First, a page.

[Oberon] Re: OLPC - One Laptop Per Child
jmdrake_98 at yahoo.com
Fri Dec 15 06:42:18 MET 2006
--- easlab at absamail.co.za wrote:
> Yes and 'village _PCs' shouldn't use more than about
> 6 times as much
> power as cell phones, that's why I think ARM is the
> way to go.
> The hand-cranking scheme seems absurd because there
> is no new
> technology that can make a mechanical watch
> competitive with
> a semiconductor one. Ie. making a cost-effective
> reliable suitable
> power generator would be more of an engineering
> miracle than
> making the rest of the OLPC project.
How about a hamster power generator? :) Here's a
kid who designed one for a cell phone.
I agree with the assertion that an ARM would be
a better chip. As for handcranks I suppose the
big question is how many minutes of use to you
get for one minute of cranking? Also maybe a
"foot pedal" might be better. Solar charger
would be optimal, but that would almost double
> OTOH I don't have figures for the OLPC's Goede CPU
> consumption. A big colour display is also a power
> user ?
> And wifi ?
> As previously stated the simputer had the right idea
> re. hardware.
> Unfortunately they failed in the important 'fuzzy'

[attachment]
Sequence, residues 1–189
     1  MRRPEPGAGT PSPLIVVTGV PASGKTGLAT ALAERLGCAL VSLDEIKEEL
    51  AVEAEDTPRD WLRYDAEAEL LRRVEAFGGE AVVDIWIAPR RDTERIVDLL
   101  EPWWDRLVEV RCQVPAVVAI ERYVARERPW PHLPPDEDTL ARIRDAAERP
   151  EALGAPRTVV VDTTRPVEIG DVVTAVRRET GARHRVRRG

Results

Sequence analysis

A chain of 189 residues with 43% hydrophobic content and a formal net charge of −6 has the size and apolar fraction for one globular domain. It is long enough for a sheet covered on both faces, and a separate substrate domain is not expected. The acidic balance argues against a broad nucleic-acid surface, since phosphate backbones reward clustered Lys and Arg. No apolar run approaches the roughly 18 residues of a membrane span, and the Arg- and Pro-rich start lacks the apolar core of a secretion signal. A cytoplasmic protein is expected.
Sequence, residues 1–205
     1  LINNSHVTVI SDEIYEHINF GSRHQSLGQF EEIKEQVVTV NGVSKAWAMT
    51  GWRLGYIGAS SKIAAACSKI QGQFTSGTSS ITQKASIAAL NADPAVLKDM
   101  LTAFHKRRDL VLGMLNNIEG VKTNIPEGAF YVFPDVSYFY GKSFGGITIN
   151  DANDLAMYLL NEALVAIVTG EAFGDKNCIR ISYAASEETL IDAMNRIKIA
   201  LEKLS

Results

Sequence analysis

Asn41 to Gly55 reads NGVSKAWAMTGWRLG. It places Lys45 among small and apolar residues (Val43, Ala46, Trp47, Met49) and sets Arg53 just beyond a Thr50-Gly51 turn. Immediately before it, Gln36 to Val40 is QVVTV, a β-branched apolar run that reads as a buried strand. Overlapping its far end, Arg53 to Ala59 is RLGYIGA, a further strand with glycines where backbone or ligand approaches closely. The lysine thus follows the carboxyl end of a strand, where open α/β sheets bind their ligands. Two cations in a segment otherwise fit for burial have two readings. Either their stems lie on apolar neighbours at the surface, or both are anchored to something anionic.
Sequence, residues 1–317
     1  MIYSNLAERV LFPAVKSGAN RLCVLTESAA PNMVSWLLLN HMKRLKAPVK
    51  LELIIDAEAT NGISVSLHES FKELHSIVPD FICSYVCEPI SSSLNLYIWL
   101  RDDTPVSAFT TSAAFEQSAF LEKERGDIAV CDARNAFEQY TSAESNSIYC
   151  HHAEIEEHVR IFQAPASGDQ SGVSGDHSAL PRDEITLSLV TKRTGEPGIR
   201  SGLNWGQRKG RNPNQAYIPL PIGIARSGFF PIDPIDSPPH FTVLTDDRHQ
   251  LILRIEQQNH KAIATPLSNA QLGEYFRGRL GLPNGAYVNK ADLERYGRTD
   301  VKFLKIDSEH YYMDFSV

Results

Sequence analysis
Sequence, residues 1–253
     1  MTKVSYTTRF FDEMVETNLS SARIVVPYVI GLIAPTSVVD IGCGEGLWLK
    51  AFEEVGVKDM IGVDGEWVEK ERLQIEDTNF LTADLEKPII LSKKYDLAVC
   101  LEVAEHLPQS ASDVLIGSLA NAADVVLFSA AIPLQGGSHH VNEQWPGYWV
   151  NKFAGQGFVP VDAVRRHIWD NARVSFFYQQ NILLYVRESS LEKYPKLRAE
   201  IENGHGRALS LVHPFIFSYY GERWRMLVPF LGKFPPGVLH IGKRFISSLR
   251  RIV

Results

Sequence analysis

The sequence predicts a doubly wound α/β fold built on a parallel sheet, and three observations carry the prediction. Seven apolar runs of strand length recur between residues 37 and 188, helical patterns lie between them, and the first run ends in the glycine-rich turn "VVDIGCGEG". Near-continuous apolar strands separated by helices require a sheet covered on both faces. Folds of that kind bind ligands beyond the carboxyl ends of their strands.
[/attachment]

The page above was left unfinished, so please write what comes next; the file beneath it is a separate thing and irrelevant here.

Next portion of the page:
> but vital area:
> IMO aviation, radio, micro-processors [hence the
> computer industry]
> was pioneered/driven by mostly
> enthusiasts/hobbyists - mostly US.
> The collaborative [without immediate remuneration]
> which is essential for certain projects, is
> culturally a no-no for
Ok. You've brought up the failure of the Simputer
a couple of times now. I'm sure you've followed
this closer than I have. But I'm not sure how
your categorizing the failure? From what I've
seen they managed to get a completed product
though they didn't get the sales they wanted.
So when you talk about the lack of collaboration
are you talking about in development of the
Simputer itself...or lack of third party
development...or something else?
> Technology is moving so fast that limited-resource
> is becoming insignificant ?
Well the "power/performance" curve is always there.
As the saying goes "Intel giveth...MicroSoft taketh
away." Check out Vista. It adds some features
like semi-transparent Windows (something BlueBottle
has had for some time now as well as some other
alternative OS's) but what a cost! 1 GB of RAM
and 256 MB for the video card just to comfortably
run the OS? Of course the other touted feature
of Vista, better security, may be worth the upgrade.
Oberon, to my knowledge currently lacks a
security model. I think one could have been built
back when the object model was "slim binaries"
because that model could differentiate between
"safe" and "unsafe" modules.
And there are IMO a lot of people who might be
interested in a "volksputer". Something that's
going to run decently, let them do some
internet surfing and home office work,
maybe some educational stuff but not cost more
than a cheap DVD player. But I think the keys
are managed expectations and system responsiveness.
It doesn't matter have fast a computer is. What
matters most is how fast it SEEMS. For instance
I love Oberon's almost instant bootup.
> As MIT-OLPC said they are not in the computer making
> business, but
> in education. It's about the 'digital divide':